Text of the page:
Authored By: Christopher Pearsall, RI Divorce Attorney
a.k.a. " The Rhode Island Divorce Coach ℠ "
QUESTION: I filed for divorce from my spouse and it was granted. About 10 days after my Rhode Island divorce hearing I met someone and we have been seeing each other frequently for the last month. When can I introduce this new friend to my children?
ANSWER: If you're looking for a basic legal answer then my advice would be that you should stop seeing this person until your divorce is done. This is not because I don't believe you have a right to be happy. If you do not have a Final Judgment in your divorce case then it is not prudent for you to date another person because you are still married and your spouse and/or your spouse's lawyer can delay you from getting a Final Judgment of Divorce from issuing for an extensive amount of time.
Now you might wonder, what would my spouse have to do? Only two things 1) be upset at you, and 2) file a motion of any kind. Of course you know your spouse better than I do. However, in my history as a lawyer I have seen things that you could not make up in your wildest nightmares happen from presumably reasonable and respectful parties in a divorce.
It is very, very easy for a spouse to be upset that you have moved on from your marriage before it is even over. Many spouses, both men and women, find that the other spouse dating before their marriage is even over to be insulting, degrading, hurtful and angering to say the least. All it takes is a little bit of anger for your spouse to file a motion in the family court. What kind of motion? Any kind of motion! All it takes is a pending motion before the court filed sometime near the date when the Final Judgment can be signed in order to prevent the court from finalizing your divorce. Suddenly a divorce that you thought was almost over may now go on for month after month and possibly motion after motion so that you are still married to your spouse. If your spouse knows or even suspects that you are dating someone then it is very easy to file a motion to restrain and enjoin you from having the children around anyone you may be dating as long as the divorce is still going on. If that motion is granted and your spouse is still angry, hurt or in the least bit upset, it is very easy for your spouse to want to keep the divorce going as long as possible so that you can't have the children around the person you are dating. Frankly, it isn't worth it. Better be safe than sorry. In the scope of a lifetime it is better to wait a few months than to suffer for another year or more.
I realize this is not the crux of your question, but it was worth stating it because it goes hand in hand with the more important answer. Introducing your children to someone you are dating is no small matter. Legally, until you are prohibited from doing so you could introduce the children to the person you are dating anytime you want. The question is whether or not that is truly best for your children. Many children have a hard time dealing with the divorce of their parents, especially if they are five years of age or more when they start making the identification of their parents as a couple.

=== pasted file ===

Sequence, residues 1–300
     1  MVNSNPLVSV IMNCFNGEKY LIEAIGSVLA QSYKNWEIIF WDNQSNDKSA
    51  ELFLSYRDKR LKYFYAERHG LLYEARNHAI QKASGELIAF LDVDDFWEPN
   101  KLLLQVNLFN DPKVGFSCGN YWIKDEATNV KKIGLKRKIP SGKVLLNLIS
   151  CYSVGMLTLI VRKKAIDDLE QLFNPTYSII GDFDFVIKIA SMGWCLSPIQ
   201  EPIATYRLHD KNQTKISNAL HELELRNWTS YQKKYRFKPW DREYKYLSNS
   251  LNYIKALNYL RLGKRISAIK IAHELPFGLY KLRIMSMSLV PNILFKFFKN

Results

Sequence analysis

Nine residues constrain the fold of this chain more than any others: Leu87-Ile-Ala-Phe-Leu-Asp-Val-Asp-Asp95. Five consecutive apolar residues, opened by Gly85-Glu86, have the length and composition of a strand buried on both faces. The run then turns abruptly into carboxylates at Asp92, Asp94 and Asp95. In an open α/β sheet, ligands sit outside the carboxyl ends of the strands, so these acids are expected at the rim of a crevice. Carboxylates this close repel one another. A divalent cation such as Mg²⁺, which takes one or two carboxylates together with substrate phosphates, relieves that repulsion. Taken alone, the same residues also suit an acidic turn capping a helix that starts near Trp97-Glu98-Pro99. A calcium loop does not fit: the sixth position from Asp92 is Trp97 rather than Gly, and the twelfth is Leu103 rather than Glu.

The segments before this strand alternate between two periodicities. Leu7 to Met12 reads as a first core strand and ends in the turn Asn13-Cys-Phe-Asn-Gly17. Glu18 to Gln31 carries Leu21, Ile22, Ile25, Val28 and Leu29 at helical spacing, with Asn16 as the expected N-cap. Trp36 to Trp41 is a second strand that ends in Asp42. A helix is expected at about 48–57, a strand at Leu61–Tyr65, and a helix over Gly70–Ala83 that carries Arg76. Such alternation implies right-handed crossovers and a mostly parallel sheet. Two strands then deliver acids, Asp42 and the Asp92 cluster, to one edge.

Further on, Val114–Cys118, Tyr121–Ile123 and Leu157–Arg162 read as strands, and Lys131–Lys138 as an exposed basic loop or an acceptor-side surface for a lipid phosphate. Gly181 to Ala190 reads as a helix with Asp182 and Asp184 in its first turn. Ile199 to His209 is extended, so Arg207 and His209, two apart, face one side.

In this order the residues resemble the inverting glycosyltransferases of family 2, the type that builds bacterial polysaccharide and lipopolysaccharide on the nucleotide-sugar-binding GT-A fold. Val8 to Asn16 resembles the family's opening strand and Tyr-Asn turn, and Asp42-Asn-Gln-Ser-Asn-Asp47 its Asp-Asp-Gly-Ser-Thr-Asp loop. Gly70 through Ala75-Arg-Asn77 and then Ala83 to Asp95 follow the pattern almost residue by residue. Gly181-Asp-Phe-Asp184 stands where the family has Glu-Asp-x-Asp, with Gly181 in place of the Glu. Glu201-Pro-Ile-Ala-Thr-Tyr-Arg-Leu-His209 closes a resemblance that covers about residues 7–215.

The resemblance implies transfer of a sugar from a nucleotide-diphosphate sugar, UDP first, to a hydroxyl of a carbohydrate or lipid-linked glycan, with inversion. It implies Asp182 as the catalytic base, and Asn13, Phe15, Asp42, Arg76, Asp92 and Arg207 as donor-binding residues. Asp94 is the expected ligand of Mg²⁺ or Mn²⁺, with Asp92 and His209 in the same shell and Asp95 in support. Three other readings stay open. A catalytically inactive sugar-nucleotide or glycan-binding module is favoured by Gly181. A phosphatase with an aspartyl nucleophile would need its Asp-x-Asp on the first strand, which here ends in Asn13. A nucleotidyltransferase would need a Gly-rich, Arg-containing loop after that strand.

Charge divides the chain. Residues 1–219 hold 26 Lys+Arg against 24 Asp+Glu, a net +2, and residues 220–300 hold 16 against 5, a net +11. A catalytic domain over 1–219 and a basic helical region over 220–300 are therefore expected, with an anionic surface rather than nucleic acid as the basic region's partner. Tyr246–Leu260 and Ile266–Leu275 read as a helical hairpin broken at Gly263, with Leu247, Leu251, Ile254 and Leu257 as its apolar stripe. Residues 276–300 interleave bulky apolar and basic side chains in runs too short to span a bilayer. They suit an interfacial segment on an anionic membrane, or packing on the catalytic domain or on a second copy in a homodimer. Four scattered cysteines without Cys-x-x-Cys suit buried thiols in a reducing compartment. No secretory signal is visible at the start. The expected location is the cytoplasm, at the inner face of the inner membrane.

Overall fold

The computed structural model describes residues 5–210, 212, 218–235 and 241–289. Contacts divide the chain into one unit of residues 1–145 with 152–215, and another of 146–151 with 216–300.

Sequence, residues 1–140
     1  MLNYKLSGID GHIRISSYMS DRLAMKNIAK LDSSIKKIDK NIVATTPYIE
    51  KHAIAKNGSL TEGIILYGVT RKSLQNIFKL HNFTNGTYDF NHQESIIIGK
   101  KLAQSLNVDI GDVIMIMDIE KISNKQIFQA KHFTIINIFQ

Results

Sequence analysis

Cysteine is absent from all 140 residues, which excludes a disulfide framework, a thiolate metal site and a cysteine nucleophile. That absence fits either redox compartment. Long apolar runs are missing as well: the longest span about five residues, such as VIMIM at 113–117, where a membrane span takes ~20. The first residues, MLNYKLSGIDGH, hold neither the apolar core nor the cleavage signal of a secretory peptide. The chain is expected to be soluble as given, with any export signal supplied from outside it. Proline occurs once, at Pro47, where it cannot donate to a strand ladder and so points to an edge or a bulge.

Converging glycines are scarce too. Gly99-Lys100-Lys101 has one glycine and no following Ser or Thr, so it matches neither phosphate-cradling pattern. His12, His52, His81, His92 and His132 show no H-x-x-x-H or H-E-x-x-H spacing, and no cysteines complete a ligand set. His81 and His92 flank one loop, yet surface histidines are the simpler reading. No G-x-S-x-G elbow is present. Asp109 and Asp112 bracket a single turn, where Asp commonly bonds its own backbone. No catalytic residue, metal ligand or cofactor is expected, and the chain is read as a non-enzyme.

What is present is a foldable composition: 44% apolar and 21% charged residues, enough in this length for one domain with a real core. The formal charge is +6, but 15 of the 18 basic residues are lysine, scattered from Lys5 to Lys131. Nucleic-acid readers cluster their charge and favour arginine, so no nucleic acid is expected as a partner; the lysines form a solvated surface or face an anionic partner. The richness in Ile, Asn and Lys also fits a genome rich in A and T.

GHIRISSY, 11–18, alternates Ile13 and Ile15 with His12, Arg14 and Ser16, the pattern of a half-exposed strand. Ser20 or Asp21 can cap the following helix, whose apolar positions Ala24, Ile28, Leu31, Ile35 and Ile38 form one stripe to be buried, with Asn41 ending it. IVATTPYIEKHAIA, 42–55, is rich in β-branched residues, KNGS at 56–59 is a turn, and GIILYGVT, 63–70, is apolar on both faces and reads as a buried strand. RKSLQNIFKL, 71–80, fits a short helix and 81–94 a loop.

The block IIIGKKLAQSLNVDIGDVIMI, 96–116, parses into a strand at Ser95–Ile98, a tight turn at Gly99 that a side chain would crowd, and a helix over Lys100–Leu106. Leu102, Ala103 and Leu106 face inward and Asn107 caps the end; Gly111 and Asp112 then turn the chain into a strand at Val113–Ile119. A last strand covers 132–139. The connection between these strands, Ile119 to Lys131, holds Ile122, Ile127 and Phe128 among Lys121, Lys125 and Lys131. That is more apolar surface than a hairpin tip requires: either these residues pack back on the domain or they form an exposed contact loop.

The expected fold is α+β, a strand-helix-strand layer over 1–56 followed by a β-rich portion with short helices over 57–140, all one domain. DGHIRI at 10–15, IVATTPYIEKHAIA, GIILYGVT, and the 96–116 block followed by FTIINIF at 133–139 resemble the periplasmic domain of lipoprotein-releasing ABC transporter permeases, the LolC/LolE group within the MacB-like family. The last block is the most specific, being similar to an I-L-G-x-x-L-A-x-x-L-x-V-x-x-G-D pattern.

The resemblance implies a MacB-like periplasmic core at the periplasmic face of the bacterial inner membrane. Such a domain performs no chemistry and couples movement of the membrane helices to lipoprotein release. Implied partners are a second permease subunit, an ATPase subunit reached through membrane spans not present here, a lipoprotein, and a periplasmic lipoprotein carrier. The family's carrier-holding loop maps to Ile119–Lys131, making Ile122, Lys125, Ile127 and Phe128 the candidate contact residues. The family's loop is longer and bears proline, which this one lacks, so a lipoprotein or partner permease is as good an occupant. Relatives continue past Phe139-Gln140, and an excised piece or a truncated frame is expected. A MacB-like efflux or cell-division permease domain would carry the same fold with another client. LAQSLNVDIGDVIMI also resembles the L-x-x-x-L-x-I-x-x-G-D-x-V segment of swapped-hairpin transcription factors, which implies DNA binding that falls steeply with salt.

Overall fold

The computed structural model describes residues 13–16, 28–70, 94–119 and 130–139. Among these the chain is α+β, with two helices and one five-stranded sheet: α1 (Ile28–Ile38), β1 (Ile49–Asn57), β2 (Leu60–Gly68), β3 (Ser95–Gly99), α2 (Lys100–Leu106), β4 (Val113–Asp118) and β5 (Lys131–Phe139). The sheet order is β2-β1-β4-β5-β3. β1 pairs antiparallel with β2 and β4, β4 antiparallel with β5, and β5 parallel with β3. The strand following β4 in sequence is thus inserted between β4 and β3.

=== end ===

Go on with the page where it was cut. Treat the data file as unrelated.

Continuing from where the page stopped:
The parents are typically the foundation that keeps the children consistent because the child knows they can rely on their parents as a team to keep their world together because they can depend on them to be there. While divorce is a reality for many married couples in the psyche of a child a divorce can often signify the destruction of their stability. Each child is different. Each child's feelings and age should be considered. The amount of time you have been separated should be factored in. The children need to get used to the idea that the parents will no longer be living under the same roof. The children need to be supported by both parents so that the children realize that their stability in having two parents is still present after the parents are no longer living together with them in the same household.
Once the children have adjusted to the idea that their parents will still provide them with stability even if they are not in the same household, it is my humble opinion that then you might slowly introduce a person that you have been dating to the children so long as that person has been a stabilizing factor in your life. Remember, that any new person you introduce to your children needs to be a stabilizing factor for them. If you haven't been with this person long enough to establish a solid, strong, stable and loving relationship with the person, then how can you expect this person to be safe to introduce to your children who are in a much more fragile emotional and mental state?
Most certainly this last part sounds more like counseling advice and is more appropriate to come from a counselor who deals with children of divorce. However, my comments are from direct experience in my own life and in the lives of hundreds of clients over the years.
Personally, I was divorcing before I became a lawyer. I made virtually every mistake that I mention here and I paid a price that no parent should ever have to bear. I wish I had known today what I know now and I regret deeply when a client of mine pays the price because they choose to ignore my advice.
So if you are to remember anything, I ask you to remember one thing. Your relationship with your children is fragile. One poor decision on your part and you might never see your child(ren) again.